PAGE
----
Effect of chemical pesticides and nitrogen source on the performance of food grain legumes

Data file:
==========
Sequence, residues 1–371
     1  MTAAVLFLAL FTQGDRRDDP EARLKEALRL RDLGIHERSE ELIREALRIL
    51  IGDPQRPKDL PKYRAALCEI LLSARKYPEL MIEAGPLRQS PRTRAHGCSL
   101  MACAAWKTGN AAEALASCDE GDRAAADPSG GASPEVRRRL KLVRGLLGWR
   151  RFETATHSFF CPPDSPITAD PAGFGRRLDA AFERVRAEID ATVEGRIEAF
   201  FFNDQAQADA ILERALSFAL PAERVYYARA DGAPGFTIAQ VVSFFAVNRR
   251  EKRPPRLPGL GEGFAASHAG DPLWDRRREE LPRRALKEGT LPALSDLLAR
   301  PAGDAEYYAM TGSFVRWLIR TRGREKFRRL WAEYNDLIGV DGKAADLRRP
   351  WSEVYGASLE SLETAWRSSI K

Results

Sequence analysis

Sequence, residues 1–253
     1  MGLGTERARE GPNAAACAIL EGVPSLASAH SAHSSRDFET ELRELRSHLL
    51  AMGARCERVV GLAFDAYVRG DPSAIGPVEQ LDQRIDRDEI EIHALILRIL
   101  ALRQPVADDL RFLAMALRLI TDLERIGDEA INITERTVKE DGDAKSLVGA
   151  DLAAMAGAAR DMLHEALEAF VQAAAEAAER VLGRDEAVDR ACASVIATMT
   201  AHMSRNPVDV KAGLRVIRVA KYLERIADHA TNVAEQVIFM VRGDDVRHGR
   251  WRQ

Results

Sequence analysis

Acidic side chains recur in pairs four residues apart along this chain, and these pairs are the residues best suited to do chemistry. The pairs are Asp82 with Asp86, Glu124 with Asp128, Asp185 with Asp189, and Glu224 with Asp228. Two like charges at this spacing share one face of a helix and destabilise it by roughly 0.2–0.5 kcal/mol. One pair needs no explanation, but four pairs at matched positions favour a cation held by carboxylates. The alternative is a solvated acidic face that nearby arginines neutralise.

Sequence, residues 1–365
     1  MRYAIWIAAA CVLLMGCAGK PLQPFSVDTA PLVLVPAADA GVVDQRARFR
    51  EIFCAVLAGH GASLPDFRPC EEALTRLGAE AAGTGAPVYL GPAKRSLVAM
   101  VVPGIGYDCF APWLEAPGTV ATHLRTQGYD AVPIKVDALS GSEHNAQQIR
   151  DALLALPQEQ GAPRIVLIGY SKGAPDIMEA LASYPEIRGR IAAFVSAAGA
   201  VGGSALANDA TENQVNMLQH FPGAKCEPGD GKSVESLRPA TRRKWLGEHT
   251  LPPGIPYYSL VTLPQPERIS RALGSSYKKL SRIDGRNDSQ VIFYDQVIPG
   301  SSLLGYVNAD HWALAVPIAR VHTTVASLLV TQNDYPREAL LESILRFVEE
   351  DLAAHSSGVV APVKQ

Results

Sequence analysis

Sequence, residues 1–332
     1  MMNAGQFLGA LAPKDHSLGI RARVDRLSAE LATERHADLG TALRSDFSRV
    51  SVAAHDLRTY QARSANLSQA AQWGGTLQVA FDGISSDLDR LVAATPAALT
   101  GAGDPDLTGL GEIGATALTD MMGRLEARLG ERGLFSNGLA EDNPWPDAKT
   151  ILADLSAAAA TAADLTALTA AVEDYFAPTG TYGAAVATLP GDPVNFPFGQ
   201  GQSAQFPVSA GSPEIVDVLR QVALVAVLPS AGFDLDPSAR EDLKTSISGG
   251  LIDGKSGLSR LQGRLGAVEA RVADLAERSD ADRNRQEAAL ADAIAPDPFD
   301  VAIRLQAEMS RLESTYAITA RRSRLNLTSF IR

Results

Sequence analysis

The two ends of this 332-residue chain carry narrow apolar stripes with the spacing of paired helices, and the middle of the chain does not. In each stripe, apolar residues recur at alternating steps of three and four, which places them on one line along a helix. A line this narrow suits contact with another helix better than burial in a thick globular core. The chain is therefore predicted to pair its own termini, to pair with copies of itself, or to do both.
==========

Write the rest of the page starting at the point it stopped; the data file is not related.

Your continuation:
Plant pests and declining soil fertility are among the major limitations to the production of grain legumes in Kenya. Two field experiments were concurrently conducted to investigate the response of grain legumes to pesticide spray and nitrogen source. A greenhouse experiment was also conducted to investigate the effect of rhizobia inoculation and fungicide treatment on fungal root rots, nodulation and dry matter accumulation of selected grain legumes. Five grain legumes namely common bean (Phaseolus vulgaris L.var GLP 2), lima bean (Phaseolus lunatus L.), green grams (Vigna radiata L.), lablab (Lab lab purpureus) and chickpea tCicer arietinum) were tested. The field experimental design was a randomized complete block design in a split plot arrangement. Pesticide spray and the legume species were the main plots while the legume species and the nitrogen sources were the subplots for experiment I and II respectively. Parameters observed were; insect pest and disease incidences and damage, nodulation, plant growth, yield and yield components. The greenhouse experiment was laid out in a completely randomized design. Treatments included, inoculation of legumes with pathogen alone or with appropriate rhizobia alone or application of fungicide or their combinations and a control. Chemical pesticides significantly reduced the incidence of insect pests and foliar fungal diseases assessed by more than half in all the legume species and so were pod and seed damage in lablab, green gram and chickpea. Spraying significantly increased the grain yield of chickpea and lablab by 1413 and 2276 kg in the long rains corresponding to 614 and 761 kg in the short rains respectively. Benefit-Cost analysis showed that it is profitable to apply pesticides to control pests and diseases in lablab, green gram and chickpea but not in GLP 2 and lima bean. Fertilizer application significantly reduced nodulation in most of the legume species, but significantly increased plant height and shoot dry matter. In contrast, inoculation increased number of nodules and nodule dry matter in most species but this was not translated into increased dry matter accumulation and yield. Manure application improved nodulation and grain yield only in the short rains. All the nitrogen sources had no effect on number of seed pcd' and 100 seed weight. Results of the greenhouse experiment indicated that Sclerotinia and Rhizoctonia were more pathogenic than Fusarium and Macrophomina. Rhizobia inoculation significantly increased number of nodules per plant in most species. Fungicide seed treatment reduced disease incidence on Sclerotinia and Rhizoctonia inoculated plants but significantly reduced nodulation of the legumes. However, effect of fungicide on nodulation was significantly suppressed when applied together with rhizobia on infected seeds. The results suggest that combining fungicide with rhizobia is more effective when the aim is to control disease as well as increase nodulation of the legumes than when each was applied alone. The results suggested that chemical pesticides sprays are beneficial in pest management in chickpea, green gram and lab lab but not in common bean and lima bean. Effect of nitrogen fertilizer, farmyard manure and rhizobia inoculation on grain legume depend on soil nutrient status and other environmental factors. Simultaneous use of fungicide seed treatment and rhizobia inoculation is more effective than when each treatment was applied separately.